Your hormones are the base of your health, form, and function. If hormones aren’t at their optimal levels you are going to feel it. Today we are just going to be briefly discussing a few major hormones, what they do, and how to potentially optimize them for weight loss and feeling your best.
CORTISOL AND THYROID HORMONES
First, let’s talk about Cortisol and Thyroid Hormones. Cortisol is a hormone produced by your adrenal glands that help your body cope with stressful situations. When chronically elevated (meaning you are stressed all the time) this becomes a problem. Cortisol isn’t bad, it’s good, but it starts messing things up when you are producing it all day, every day. Cortisol shuts down other hormone pathways while it is elevated in order to get you out of danger. In doing this it lowers sex hormones, Testosterone, Estrogen, and Progesterone. You need these hormones for proper metabolism, energy output, sleep, sex, and mood regulation, amongst other things.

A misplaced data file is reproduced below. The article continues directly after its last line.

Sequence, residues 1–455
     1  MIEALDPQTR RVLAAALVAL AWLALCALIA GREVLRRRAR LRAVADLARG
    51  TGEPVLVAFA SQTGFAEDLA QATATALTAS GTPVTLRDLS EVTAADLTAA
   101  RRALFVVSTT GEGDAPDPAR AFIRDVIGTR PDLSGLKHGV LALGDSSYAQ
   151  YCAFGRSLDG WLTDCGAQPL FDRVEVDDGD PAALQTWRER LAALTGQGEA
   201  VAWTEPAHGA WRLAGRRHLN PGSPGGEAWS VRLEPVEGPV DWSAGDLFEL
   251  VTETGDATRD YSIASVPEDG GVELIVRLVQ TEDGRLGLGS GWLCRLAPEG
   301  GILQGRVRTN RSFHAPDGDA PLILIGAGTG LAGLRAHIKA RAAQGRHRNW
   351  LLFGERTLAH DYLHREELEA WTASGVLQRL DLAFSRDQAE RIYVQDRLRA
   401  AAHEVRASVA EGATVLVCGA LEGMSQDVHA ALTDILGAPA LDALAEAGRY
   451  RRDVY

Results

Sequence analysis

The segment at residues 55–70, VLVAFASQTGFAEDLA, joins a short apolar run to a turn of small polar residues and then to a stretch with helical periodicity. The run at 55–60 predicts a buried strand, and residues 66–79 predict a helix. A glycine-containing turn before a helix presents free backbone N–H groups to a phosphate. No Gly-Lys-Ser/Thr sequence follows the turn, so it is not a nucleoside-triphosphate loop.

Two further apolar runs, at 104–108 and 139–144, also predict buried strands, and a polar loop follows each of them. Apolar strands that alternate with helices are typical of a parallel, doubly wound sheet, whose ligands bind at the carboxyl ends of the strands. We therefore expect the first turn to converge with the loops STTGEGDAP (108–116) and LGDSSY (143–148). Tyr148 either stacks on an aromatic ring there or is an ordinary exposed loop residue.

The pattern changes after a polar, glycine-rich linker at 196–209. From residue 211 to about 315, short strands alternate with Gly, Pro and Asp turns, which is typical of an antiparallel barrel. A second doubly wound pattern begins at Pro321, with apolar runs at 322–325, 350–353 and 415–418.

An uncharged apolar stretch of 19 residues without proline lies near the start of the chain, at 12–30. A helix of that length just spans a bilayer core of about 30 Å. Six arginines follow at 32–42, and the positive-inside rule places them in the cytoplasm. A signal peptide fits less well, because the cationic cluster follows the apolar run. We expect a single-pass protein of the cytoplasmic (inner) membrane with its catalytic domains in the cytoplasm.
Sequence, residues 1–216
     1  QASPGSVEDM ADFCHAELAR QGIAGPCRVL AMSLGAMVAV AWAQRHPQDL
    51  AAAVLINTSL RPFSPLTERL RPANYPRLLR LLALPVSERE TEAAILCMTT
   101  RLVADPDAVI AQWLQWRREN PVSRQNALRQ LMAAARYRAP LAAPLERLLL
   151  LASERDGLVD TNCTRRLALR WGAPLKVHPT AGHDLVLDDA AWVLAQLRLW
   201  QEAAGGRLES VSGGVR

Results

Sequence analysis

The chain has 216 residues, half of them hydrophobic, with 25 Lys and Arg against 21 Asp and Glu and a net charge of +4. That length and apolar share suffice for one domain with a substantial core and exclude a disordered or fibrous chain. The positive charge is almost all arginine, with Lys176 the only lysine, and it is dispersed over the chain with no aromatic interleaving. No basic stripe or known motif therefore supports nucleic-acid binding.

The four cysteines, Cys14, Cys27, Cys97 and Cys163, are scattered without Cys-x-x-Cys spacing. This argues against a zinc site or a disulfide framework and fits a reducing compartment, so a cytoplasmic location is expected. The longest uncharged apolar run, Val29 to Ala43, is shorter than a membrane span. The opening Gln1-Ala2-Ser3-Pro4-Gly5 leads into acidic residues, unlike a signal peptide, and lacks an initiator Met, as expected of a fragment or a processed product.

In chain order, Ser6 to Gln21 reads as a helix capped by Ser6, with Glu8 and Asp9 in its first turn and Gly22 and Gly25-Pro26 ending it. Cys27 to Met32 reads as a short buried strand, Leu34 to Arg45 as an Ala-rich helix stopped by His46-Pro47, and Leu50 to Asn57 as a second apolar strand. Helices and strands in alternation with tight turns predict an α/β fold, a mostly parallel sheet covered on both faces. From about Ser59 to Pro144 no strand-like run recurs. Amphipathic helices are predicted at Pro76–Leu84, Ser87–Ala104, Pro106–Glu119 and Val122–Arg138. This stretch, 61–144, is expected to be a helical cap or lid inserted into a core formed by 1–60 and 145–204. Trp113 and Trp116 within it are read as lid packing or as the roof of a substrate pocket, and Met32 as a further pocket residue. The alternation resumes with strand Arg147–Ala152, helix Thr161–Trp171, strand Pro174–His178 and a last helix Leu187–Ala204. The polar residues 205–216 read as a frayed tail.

When chronically stressed your Thyroid hormones are also affected. Your Thyroid produces hormones that help with glucose uptake, energy, metabolism, and a host of other bodily functions, and when cortisol is high it inhibits metabolic output and lowers metabolic rate. So, needless to say, managing your stress is a must if you want to have balanced hormones. The biggest contributors to thyroid dysfunction are insulin resistance and excess cortisol. Thyroid hormones and insulin resistance are interlinked and dysfunction with one can lead to dysfunction in another. Your Thyroid produces TSH (Thyroid Stimulating Hormone), T3, and T4. Low T4 levels are often correlated with increased visceral fat and insulin resistance. T3 helps improve glucose metabolism.
Having a low-salt diet is a big contributor to Thyroid dysfunction and insulin resistance. Our body needs sodium, ATP, and magnesium to get iodine into the Thyroid. Salt restriction makes the body release insulin in order to retain sodium, as a result, it raises aldosterone, which increases oxidative stress ad cortisol. So, as you can see, it can be a vicious cycle and one always affects the other.